“”The problem is if they think they (the citizens) are not doing anything that’s wrong, they don’t get to define that. The central government does, the central government defines what is right and wrong and whether or not they target you. So, it’s not up to the individuals. Even if they think they aren’t doing something wrong, if their position on something is against what the administration has, then they could easily become a target.”

-— William Binney, National Security Agency

Also, don’t forget that Abu Brennen refers to you as a free range kafir in dar al harb...a harbi.

A little refresher:

“Know the Enemy—Sun Tsu, The Art of War

Before we start, we need the right words if we are to have the right thoughts.

Islam claims that all who do not submit are kafirs (unbelievers). A kafir is hated by Allah and Allah plots against the kafir. Over 60% of the Koran is devoted to the kafir. A kafir may be killed, robbed, raped, enslaved, tortured and mocked. Every mention of the kafir is negative, demeaning, insulting and hurtful. Unbeliever is a neutral word. Kafir is the worst word in the human language.

The second word we need is dhimmi. The original dhimmis were Christians and Jews who got to keep their religion, but lived in a totally Islamic culture. Today a dhimmi is a kafir who apologizes for Islam.”

29 posted on 03/11/2013 4:54:25 PM PDT by bayouranger (The 1st victim of islam is the person who practices the lie.)
[ Post Reply | Private Reply | To 26 | View Replies]

To: piytar
I have no problem with this. Enemy combatants on the ground I unreachable by LEOs. That is completely different from on US soil.

The term "enemy combatants" is a horrible one that only recently came into use* and is essentially the granting of rights/privileges to the terrorist class. You see in the Geneva and Hague [conventions] there are "lawful" and "unlawful" combatants; Al Queda and the like are "unlawful combatants" [one thing is they are not uniformed soldiers] and therefore are not entitled to *any* of the the POW guarantees.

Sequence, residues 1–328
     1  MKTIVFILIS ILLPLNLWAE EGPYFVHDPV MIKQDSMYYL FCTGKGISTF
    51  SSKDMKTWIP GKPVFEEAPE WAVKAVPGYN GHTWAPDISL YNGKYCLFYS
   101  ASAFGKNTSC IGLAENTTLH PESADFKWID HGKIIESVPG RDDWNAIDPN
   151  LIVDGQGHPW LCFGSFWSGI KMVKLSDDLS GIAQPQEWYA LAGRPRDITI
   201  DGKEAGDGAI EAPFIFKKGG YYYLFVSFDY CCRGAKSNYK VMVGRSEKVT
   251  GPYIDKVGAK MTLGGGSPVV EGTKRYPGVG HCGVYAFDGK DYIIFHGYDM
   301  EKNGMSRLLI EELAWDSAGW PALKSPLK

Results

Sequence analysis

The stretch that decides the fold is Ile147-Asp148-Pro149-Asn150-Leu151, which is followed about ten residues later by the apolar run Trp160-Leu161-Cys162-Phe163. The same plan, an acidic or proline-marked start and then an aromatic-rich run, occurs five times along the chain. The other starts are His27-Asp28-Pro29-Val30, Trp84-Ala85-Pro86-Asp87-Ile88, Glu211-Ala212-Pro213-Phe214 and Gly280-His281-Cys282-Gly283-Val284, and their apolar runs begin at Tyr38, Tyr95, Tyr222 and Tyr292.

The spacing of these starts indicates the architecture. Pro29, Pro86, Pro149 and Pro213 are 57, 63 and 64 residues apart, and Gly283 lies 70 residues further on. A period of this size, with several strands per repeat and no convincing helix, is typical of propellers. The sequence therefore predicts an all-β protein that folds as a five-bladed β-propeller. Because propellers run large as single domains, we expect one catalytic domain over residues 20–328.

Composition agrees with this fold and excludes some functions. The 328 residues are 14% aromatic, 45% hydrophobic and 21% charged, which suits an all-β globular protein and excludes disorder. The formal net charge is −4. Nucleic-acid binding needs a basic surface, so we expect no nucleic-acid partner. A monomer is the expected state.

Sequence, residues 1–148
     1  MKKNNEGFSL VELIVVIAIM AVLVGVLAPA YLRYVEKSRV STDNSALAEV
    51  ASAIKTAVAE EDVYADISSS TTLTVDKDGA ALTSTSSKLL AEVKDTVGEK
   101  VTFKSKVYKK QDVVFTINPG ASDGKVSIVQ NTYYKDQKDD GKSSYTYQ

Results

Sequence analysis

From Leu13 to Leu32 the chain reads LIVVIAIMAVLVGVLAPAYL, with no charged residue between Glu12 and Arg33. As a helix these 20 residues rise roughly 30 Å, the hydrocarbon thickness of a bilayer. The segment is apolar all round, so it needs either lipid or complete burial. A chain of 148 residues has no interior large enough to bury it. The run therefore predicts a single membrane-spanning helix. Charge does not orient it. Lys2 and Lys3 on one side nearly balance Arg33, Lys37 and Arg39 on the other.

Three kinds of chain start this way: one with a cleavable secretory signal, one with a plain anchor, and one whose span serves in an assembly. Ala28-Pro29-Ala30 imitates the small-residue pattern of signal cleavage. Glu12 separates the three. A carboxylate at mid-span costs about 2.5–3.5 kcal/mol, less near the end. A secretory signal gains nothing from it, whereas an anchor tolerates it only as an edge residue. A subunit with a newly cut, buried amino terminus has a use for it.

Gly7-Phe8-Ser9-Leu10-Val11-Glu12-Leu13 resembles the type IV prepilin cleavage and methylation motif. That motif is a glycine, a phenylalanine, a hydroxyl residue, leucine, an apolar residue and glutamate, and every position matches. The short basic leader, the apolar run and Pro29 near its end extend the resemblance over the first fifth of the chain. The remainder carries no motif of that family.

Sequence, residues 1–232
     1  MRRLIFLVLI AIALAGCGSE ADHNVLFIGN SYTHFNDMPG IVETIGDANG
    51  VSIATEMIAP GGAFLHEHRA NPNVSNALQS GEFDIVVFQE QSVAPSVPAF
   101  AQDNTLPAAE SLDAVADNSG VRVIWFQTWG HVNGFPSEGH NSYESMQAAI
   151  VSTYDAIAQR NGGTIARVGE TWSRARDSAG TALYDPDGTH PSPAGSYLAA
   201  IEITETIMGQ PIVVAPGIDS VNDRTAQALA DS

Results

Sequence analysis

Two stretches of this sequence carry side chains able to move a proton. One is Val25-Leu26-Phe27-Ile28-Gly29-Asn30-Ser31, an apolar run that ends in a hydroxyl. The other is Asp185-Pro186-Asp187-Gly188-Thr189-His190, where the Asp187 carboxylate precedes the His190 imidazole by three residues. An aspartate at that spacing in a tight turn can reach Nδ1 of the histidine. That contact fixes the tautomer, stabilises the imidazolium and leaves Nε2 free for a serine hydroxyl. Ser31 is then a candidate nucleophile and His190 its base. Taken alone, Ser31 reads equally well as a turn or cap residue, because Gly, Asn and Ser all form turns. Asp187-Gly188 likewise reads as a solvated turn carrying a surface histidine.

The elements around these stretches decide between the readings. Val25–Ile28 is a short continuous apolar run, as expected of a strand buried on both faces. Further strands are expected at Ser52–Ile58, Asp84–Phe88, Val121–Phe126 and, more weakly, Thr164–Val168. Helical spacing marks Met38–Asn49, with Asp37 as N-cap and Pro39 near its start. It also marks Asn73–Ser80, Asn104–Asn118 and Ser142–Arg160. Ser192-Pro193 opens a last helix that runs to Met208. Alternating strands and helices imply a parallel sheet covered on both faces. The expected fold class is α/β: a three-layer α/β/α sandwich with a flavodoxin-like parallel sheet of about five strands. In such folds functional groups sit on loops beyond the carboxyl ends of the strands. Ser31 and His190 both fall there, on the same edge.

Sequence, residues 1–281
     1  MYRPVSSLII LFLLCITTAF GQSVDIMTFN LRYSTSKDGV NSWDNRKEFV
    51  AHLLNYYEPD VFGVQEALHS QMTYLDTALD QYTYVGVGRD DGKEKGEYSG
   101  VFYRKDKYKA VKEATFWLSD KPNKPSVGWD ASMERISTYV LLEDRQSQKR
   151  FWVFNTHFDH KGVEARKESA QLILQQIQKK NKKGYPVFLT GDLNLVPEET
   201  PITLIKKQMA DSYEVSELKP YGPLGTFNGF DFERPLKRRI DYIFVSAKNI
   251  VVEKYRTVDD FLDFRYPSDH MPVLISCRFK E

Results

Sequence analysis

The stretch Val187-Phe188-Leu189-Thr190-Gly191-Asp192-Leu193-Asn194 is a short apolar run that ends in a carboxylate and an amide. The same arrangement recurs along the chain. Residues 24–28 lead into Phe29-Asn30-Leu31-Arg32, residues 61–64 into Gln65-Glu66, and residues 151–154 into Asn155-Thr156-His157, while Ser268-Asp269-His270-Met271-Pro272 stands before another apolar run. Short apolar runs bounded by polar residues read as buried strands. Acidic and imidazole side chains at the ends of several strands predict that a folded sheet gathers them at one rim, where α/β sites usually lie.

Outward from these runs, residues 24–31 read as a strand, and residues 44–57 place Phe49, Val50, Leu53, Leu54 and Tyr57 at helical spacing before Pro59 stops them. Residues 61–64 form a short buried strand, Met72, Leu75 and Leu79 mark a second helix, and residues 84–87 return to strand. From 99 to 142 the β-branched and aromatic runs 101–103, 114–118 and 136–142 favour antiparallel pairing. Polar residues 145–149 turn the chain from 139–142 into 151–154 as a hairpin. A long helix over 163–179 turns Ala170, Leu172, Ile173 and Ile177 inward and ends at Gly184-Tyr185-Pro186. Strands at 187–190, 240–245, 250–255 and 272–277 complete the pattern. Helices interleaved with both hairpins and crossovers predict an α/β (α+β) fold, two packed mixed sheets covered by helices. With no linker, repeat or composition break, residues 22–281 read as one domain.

30 posted on 03/12/2013 12:01:36 AM PDT by OneWingedShark (Q: Why am I here? A: To do Justly, to love mercy, and to walk humbly with my God.)
[ Post Reply | Private Reply | To 3 | View Replies]

To: Carry_Okie
A propagandist is not a combatant who poses an imminent threat to US citizens, not even close.

Thank you!

Thank you very much!'Aquino

31 posted on 03/12/2013 5:46:29 AM PDT by Elsie (Heck is where people, who don't believe in Gosh, think they are not going...)
[ Post Reply | Private Reply | To 12 | View Replies]

To: the scotsman

“So do we. We cant go around killing UK citizens willy-nilly. But when it happened/happens, there was/is less wailing and gnashing of teeth.”

On the contrary there was rather more “wailing and gnashing” in the UK over the shooting of Irish terrorists than has been evinced in the US over this Yemen incident.

You might not recall the brouhaha surrounding the killing of three IRA activists in Gibraltar in 1988 but it was pretty huge with Maggie’s Attorney General having to make statements in the House of Commons and major TV and press investigations.

Equally there were decades-long police investigations into the shootings of many IRA and INLA terrorists in the “shoot to kill” inquiries (does John Stalker’s name ring a bell?).

The controversy surrounded precisely the same legal issues that arise here, ie whether armed agents of the state can simply shoot suspected terrorists on sight.

32 posted on 03/12/2013 9:28:14 AM PDT by PotatoHeadMick
[ Post Reply | Private Reply | To 28 | View Replies]

To: PotatoHeadMick

True, but that was the usual leftist suspects. Political and esp media. There was far more support in the general public for that operation and others like Loughhall.

I am 42. I remember all the mentioned controversies well. And I didnt forget them when I answered.

I think my point is valid. Bar a few incidents over the years like 1988, there has been little public disquiet about Britain killing its own citizens. Maybe because unlike America, we have had decades of murderous terrorism in our own backyard that killed thousands.

33 posted on 03/12/2013 2:53:56 PM PDT by the scotsman (i)
[ Post Reply | Private Reply | To 32 | View Replies]

Navigation: use the links below to view more comments.
first previous 1-2021-33 last

Disclaimer: Opinions posted on Free Republic are those of the individual posters and do not necessarily represent the opinion of Free Republic or its management. All materials posted herein are protected by copyright law and the exemption for fair use of copyrighted works.

Free Republic
Browse · Search
Topics · Post Article

FreeRepublic, LLC, PO BOX 9771, FRESNO, CA 93794 is powered by software copyright 2000-2008 John Robinson